Oil pipeline safety urged.
Owners of an oil pipeline that burst in California must take numerous corrective measures, including an in-depth analysis of factors contributing to the spill and a plan to fix any flaws found, before they can restart the line, US safety officials said.
The corrective action order issued by the US Transportation Department's Pipeline and Hazardous Materials Administration, or PHMSA, is not regarded as a disciplinary enforcement sanction against the company, Plains All American Pipeline, officials said. But it requires a detailed and lengthy list of actions before the oil line resumes operations, starting with removal of the failed pipe for metallurgical and mechanical tests, purging the line of remaining petroleum and an independent review of inspection results, past and present.
It also mandates a "root-cause analysis" that explores not only the direct cause of the spill but "every contributing factor" that may have played a part, such as any safety compliance issues, said Linda Daugherty, a deputy associate administrator for the agency.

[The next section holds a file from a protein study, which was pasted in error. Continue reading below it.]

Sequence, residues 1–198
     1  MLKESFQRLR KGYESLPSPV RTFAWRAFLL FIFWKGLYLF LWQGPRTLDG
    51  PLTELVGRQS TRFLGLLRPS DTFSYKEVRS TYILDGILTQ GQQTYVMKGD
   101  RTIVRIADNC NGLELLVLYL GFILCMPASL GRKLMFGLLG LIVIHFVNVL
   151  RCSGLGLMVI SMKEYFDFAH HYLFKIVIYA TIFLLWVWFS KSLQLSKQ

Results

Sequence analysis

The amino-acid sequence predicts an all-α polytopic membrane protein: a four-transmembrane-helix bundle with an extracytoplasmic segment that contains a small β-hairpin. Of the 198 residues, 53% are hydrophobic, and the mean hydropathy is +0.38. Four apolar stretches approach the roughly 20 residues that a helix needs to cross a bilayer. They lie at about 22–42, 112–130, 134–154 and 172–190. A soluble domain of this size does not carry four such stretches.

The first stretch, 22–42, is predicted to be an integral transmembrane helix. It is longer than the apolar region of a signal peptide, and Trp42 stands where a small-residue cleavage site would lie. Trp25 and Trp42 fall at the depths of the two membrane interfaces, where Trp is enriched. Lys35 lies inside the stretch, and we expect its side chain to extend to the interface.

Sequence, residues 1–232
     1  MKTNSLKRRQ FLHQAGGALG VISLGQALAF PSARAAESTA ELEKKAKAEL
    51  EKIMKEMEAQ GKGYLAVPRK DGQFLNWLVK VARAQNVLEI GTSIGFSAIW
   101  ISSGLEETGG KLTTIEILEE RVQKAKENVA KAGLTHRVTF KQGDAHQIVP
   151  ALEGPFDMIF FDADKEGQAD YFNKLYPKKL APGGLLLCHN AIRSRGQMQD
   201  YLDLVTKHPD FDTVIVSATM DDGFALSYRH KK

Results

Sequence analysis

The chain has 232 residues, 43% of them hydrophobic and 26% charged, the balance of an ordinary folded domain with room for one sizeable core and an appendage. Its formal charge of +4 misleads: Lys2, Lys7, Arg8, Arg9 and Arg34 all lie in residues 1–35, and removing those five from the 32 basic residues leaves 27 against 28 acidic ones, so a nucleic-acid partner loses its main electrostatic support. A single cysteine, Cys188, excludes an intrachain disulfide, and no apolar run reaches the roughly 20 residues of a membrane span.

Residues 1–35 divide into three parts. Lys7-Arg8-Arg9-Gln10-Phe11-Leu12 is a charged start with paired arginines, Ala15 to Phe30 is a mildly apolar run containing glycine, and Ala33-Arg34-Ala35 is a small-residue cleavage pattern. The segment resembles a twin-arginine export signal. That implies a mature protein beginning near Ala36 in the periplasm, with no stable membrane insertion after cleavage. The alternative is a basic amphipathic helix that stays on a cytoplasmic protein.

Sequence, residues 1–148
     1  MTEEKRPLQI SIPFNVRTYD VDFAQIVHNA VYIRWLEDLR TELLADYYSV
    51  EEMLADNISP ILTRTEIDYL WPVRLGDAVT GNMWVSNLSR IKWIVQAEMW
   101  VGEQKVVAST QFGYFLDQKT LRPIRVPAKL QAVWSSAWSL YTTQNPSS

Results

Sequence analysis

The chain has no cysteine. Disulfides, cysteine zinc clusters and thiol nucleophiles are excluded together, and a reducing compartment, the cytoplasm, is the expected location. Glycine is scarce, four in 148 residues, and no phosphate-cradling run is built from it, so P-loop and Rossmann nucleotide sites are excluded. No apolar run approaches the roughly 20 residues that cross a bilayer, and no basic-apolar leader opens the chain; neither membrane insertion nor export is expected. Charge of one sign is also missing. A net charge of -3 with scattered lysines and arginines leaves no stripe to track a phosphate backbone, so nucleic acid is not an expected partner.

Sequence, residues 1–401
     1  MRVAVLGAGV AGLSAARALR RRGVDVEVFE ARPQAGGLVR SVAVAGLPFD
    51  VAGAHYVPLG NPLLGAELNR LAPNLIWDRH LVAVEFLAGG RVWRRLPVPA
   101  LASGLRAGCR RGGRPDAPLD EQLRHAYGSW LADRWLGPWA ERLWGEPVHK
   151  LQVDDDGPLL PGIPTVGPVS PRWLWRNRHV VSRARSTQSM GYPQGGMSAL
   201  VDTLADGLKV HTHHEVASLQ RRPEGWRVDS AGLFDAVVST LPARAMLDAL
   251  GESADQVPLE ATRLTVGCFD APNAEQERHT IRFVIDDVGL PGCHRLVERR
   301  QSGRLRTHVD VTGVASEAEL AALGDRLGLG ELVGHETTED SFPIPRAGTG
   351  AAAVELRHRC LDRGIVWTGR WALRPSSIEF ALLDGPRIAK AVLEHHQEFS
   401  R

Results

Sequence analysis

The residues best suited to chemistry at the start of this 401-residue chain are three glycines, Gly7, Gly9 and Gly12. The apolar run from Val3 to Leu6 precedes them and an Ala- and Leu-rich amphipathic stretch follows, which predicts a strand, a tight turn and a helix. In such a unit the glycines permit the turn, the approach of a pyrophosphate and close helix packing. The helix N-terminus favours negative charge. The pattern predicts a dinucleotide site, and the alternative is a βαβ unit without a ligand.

The order sets deadlines for some actions: 45 days to complete tests of the failed pipe segment, 60 days for the root-cause analysis and 90 days to submit a plan for remedying any problems.
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|Publication:||Oil & Gas News|
|Date:||Jun 1, 2015|
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